“It’s a real cultural interchange — not just us-to-them, but them-to-us,” said Gates, who organizes the elegant autumn luncheon for the group, sponsored by EMCC and CAFB. “It’s fun to see them grow and blossom, to feel confident and welcome.”
German-born Anke Peterson was delighted to find such a group when she came to CAFB. “I was very surprised finding it here in Columbus; it’s not a big, gigantic city. This is a great way to connect with other spouses and to people in town.”
The bond military spouses share can be a tight one, regardless of age, world views, finances or ranks. The International Spouses Group is a vital component. And who’s to say a splendid potluck can’t go a long way in forging friendships that strengthen the Air Force, the base and the local community as well?
OKINAWAN HIRAYACHI/JAPANESE OKONOMIYAKI
For the batter:
2 ½ cups water
2 cups flour
½ teaspoon dashi (soup stock concentrate)
½ teaspoon salt
For the filling:
Any vegetable, sliced thinly enough to cook quickly. Cabbage and onions work well.
For the sauce (about 3:2:1 ratio):
Mayonnaise (Japanese mayo if available)
• In mixing bowl combine ingredients for batter.
• Cut vegetables into thin slices and combine with batter.
• Oil frying pan and heat to medium high.
• Pour about 1 cup of mixture into frying pan and form into circle with spatula. Place bacon slices on top if desired.
• Let cook to a golden brown on both sides.
• Dip in sauce and enjoy.
(Source: Maria Andrews)
Deep fried patties of grated zucchini
4 medium zucchini, grated
¼ cup flour
7-8 fresh onions
3 tablespoons dill weed
3 tablespoons fresh spearmint
3 tablespoons fresh parsley
½ teaspoon salt
½ teaspoon black pepper, powdered
½ teaspoon baking powder
4 tablespoons olive oil
• Squeeze and drain grated zucchini to remove excess juice.
• Mince dill, onion, spearmint and parsley; mix with grated zucchini and add eggs, flour, salt, pepper and baking powder. Mix all to form batter.
• Pour 1 tablespoon of batter into hot olive oil in pan; fry for three minutes on each side.
• Serve hot with Turkish yogurt with garlic.
(Source: Sitare Moore)
Traditional German Christmas cookies
4 ¼ cups flour
2 teaspoons baking powder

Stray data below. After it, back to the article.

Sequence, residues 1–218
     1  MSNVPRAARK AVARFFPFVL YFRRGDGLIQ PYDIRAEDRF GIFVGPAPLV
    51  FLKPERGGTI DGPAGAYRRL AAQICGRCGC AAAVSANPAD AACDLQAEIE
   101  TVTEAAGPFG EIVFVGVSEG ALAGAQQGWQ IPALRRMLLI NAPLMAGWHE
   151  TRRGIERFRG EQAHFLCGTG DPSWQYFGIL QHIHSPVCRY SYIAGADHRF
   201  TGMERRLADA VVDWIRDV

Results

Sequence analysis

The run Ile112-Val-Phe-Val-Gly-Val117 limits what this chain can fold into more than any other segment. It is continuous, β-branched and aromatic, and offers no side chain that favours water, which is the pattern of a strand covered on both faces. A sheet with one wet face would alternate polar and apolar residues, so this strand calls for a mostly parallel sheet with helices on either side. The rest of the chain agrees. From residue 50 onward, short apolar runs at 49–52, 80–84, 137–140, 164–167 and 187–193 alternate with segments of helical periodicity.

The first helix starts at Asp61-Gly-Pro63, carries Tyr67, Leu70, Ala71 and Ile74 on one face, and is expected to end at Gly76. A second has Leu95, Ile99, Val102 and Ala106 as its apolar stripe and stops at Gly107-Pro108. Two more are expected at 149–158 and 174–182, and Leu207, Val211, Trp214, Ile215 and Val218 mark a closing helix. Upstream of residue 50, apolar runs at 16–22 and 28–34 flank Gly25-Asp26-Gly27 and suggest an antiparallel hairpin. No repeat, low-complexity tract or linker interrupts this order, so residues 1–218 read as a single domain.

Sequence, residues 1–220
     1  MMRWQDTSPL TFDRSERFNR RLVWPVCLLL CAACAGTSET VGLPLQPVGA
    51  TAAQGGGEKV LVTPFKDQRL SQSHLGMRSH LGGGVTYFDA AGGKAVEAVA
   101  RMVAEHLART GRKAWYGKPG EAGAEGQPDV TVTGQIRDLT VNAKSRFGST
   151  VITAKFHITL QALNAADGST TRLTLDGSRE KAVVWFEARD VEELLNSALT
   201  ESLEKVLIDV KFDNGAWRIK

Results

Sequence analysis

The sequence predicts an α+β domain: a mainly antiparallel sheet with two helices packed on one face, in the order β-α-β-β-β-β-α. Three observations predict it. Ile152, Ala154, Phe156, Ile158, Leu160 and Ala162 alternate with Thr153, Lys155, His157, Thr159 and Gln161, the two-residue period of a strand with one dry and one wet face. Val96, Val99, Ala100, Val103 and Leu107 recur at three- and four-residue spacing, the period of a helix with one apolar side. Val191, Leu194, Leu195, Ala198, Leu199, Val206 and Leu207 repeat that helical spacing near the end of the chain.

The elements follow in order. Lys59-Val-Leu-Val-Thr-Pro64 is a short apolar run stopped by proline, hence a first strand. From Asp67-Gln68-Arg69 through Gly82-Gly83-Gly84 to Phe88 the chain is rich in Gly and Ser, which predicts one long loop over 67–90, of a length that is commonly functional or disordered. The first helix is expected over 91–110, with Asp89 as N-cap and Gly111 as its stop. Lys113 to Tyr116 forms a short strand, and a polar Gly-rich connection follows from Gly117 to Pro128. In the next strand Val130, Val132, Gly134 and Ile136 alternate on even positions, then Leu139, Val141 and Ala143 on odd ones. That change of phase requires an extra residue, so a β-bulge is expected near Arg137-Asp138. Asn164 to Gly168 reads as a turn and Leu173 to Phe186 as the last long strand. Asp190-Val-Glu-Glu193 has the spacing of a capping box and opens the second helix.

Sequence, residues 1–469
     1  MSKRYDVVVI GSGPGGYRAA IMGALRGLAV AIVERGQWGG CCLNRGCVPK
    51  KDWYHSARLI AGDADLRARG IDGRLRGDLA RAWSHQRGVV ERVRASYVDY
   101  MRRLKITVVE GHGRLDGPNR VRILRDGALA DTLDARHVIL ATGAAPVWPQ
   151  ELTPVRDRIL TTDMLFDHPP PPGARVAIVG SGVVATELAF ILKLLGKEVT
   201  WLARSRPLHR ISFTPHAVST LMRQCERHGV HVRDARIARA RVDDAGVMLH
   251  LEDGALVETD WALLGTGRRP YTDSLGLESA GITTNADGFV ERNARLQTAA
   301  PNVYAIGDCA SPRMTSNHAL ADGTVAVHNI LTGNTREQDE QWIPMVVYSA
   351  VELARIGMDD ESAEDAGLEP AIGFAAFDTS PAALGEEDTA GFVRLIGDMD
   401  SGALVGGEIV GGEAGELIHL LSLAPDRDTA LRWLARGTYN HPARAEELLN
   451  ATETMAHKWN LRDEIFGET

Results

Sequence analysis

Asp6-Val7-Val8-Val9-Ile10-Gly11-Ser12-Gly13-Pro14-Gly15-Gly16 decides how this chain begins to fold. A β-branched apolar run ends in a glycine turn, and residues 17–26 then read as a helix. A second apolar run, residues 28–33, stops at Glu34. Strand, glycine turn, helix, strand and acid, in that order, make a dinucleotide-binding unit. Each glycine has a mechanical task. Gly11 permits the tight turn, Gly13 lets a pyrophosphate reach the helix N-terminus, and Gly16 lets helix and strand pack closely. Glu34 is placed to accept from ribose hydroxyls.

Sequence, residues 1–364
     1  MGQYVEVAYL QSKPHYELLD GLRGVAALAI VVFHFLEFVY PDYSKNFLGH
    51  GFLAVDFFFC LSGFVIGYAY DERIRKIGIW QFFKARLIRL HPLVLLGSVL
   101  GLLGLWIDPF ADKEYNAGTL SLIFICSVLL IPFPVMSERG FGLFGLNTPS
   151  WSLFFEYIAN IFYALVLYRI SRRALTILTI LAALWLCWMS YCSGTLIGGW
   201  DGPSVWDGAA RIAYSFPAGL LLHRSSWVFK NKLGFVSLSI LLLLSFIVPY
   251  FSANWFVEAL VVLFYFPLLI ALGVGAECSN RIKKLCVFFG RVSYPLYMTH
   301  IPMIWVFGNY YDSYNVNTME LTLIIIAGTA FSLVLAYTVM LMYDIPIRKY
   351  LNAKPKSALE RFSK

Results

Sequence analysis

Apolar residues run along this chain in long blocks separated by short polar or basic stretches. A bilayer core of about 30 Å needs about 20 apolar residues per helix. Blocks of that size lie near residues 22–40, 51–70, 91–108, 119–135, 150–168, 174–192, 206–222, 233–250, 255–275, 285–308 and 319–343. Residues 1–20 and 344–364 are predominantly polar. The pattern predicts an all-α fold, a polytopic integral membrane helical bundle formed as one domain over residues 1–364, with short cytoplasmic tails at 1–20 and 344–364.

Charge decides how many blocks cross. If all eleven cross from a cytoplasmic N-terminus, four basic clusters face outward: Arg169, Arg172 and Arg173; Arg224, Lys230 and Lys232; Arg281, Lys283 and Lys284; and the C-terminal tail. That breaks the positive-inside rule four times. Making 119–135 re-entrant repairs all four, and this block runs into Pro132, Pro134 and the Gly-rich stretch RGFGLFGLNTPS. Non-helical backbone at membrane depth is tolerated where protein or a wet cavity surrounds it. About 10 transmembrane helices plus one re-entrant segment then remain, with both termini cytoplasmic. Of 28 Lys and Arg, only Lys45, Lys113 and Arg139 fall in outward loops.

¼ teaspoon ground cardamom
¼ teaspoon ground cloves
1 teaspoon cinnamon
1 tablespoon vanilla sugar
1 ¼ cups sugar
14 tablespoons cold butter
2 drops almond extract
7 tablespoons ground almonds
• Sift or mix flour with baking powder and dry spices. Set aside.
• Cream sugars and butter well. Beat in eggs, one at a time. Add almond extract. Stir into flour mixture.
• Add ground almonds and mix. Knead until stiff dough forms.
• Form dough into smooth ball, wrap in plastic wrap and refrigerate for at least an hour (overnight is great).
• Roll out dough to ¼-inch thick and cut out cookies in preferred shape.
• Bake at 350 degrees for 10-12 minutes, or until cookies brown slightly at edges.
(Source: Caty Freeman)
BEA’S SWEET POTATO PIE
1 9-inch pie crust
2 cups baked and mashed sweet potatoes
¼ cup butter, melted
½ cup granulated sugar
1 teaspoon vanilla extract
¼ teaspoon salt (optional if butter is salted)
1 teaspoon ground nutmeg
• Bake sweet potatoes in oven at 350 degrees for 50 minutes. Mash.
• Mix remaining ingredients in the order listed. Beat until smooth.
• Pour into thawed 9-inch unbaked pie crust and bake for 15 minutes at 400 degrees. Reduce oven to 350 degrees and continue to bake for 30-40 minutes more or until a dinner knife inserted in center comes out clean.
(Source: Ivalita Gibbs)
Dessert served in Honduras during Christmas
1 cup rice flour
3 tapa de dulce (caramelized sugar cane bar)
1 stick cinnamon
• In sauce pan, pour 10 cups of water, 1 cinnamon stick and 3 tapa de dulce bars. Stir while cooking until melted and just boiling. Set aside.
• For batter, separate egg whites from yolk; stir egg whites for six minutes. Add yolks one at a time, stirring between every yolk.
• Add ½ cup of rice flour and stir for three minutes, add other ½ cup and stir.
• For pancakes, heat non-stick skillet over medium-low heat. Pour ¼ cup of batter per pancake into skillet. Flip and cook until golden brown on both sides.
• Carefully place pancakes into the reserved liquid in the sauce pan. Reheat until liquid is boiling. Pancakes will darken in color to a golden brown once they absorb the liquid.
(Source: Nancy Kondon)